Regarded as something of a cold man and generally disliked by his own staff, he was nevertheless much admired for his fearless courage, daily touring the front lines while under heavy fire.

It was while touring the lines on 15 May 1915 that Bridges was shot through the femoral artery by a Turkish sniper. Dragged to safety he was evacuated to the hospital ship Gascon three days later. Infection set in and a leg amputation appeared called for; however he had lost so much blood that this was deemed impossible.

Made aware of Bridge's imminent death, King George V knighted him on 17 May, the first Australian General to receive a knighthood. He died the following day. Bridges was afforded a state funeral at St. Paul's Cathedral in Melbourne and buried on 3 September.

Buried at RMC Duntroon in Canberra, members of the Corps of Staff Cadets attend a service in his honour each year early on the morning of 25 April. His horse was the only horse repatriated in the course of the war.

In the First World War 136,000 “walers” (the general name applied to Australian horses abroad) were sent overseas for use by the Australian Imperial Force and the British and Indian governments. One horse from the 136,000 made it back to Australia.

Sandy belonged to Major General Sir William Bridges, who was killed at Gallipoli. He was one of 6,100 horses who had embarked for Gallipoli. However, very few of the animals were put ashore, as Lieutenant General Sir William Birdwood decided there was not room or requirement on ANZAC Cove. On 5 May Birdwood sought approval to send the horses back to Alexandria.

From 1 August 1915 Sandy was in the care of Captain Leslie Whitfield, an Australian Army Veterinary Corps officer in Egypt. Sandy remained in Egypt until he and Whitfield were transferred to France during March 1916.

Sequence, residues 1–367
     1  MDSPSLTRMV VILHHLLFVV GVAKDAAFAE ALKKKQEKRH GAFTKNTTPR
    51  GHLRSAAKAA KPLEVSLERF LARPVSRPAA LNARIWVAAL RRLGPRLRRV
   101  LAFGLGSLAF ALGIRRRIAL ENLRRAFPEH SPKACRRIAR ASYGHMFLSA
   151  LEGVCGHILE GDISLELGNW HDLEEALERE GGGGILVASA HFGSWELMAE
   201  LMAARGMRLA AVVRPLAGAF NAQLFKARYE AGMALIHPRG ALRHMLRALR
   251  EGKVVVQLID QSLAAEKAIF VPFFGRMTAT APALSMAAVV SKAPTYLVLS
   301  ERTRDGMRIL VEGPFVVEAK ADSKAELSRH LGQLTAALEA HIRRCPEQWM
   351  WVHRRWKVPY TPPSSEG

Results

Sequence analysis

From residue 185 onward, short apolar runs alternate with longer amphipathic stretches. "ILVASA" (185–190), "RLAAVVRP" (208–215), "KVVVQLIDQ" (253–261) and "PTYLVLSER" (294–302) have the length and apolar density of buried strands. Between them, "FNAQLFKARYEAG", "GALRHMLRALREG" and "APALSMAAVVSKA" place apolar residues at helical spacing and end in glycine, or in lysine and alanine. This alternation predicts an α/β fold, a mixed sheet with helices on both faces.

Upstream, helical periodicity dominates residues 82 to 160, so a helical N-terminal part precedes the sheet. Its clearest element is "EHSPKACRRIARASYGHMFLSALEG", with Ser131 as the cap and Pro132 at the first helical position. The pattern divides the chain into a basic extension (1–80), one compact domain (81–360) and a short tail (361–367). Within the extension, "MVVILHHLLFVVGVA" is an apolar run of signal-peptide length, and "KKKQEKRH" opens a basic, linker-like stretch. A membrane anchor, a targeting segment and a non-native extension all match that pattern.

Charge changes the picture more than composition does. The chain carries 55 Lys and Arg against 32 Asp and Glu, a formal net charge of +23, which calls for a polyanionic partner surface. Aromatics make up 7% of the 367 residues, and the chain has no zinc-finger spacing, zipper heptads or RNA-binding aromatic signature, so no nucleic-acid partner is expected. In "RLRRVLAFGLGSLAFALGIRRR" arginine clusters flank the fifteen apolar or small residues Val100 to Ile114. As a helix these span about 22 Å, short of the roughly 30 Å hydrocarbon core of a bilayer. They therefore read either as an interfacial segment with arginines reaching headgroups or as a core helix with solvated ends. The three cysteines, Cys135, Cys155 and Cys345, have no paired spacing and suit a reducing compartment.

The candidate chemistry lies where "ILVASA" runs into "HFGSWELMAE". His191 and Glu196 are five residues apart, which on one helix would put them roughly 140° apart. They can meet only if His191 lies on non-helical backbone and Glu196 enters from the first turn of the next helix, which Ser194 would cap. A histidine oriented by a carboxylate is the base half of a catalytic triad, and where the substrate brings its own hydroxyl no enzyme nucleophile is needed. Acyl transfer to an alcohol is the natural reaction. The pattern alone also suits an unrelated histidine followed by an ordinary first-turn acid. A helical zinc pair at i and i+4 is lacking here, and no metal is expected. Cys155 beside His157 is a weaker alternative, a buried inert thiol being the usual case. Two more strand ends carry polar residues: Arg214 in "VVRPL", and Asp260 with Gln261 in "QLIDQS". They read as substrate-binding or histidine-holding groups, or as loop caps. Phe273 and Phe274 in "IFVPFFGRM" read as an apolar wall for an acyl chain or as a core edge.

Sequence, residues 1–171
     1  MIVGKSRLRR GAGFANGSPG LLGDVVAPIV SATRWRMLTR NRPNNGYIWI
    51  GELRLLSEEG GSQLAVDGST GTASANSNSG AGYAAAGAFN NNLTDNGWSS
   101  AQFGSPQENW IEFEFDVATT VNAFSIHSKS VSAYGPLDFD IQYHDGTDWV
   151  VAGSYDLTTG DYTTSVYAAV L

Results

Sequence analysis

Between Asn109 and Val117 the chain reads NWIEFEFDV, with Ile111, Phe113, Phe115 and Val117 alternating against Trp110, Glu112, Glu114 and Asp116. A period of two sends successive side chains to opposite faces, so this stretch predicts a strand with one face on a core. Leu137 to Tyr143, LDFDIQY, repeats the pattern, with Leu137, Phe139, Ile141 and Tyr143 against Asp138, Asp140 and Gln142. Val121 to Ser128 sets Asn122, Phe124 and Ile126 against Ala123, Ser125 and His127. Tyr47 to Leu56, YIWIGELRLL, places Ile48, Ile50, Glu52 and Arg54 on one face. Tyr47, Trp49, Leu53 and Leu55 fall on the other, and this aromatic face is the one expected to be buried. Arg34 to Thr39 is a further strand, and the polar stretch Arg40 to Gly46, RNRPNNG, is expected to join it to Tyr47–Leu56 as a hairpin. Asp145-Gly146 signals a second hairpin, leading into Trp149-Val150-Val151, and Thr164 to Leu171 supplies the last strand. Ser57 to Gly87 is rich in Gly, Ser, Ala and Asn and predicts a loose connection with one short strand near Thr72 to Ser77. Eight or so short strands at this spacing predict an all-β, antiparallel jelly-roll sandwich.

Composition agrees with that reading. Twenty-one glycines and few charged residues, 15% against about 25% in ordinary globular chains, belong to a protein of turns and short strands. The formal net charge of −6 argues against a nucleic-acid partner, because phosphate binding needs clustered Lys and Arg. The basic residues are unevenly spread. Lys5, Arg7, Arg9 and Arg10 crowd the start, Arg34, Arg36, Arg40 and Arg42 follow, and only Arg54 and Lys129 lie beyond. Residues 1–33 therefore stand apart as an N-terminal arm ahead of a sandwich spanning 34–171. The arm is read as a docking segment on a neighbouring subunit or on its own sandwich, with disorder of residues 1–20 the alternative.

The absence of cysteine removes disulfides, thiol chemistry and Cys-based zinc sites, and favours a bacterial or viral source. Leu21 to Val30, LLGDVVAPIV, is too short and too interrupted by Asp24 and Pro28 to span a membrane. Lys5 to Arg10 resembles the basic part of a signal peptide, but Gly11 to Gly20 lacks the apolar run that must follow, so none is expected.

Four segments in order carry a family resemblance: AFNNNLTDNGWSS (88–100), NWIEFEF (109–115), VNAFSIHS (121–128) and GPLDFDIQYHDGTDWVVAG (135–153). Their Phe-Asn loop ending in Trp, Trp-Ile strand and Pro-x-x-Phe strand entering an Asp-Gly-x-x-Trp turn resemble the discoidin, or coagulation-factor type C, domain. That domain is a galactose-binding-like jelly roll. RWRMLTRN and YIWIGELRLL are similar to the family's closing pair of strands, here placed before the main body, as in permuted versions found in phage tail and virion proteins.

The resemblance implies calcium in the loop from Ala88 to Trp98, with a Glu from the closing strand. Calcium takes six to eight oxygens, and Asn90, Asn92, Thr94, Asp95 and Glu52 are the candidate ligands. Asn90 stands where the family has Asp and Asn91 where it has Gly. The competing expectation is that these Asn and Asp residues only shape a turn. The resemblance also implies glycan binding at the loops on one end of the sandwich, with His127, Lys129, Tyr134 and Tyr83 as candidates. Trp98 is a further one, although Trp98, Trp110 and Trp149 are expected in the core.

In October 1917 Senator George Pearce, Minister for Defence, called for Sandy to be returned to Australia for pasture at Duntroon. In May 1918 the horse was sent from the Australian Veterinary Hospital at Calais to the Remount Depot at Swaythling in England. He was accompanied by Private Archibald Jordon, who had been at the hospital since April 1917 and classed as permanently unfit for further active service.

After three months of veterinary observation, Sandy was declared free of disease. In September 1918 he was boarded on the freighter Booral, sailing from Liverpool and arriving in Melbourne in November. Sandy was turned out to graze at the Central Remount Depot at Maribyrnong.

Sandy saw out the rest of his days at the Remount Depot. Although he was originally intended to go to Duntroon, his increasing blindness and debility prompted the decision to have him put down, “as a humane action”, in May 1923. His head and neck were mounted and became part of the Memorial's collection. Sandy was displayed for many years, although is currently not on exhibition owing to deterioration through age. 


K C B, C M G, Mentioned in Despatches

Australian Dictionary of Biography

Australian War Memorial

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William Throsby Bridges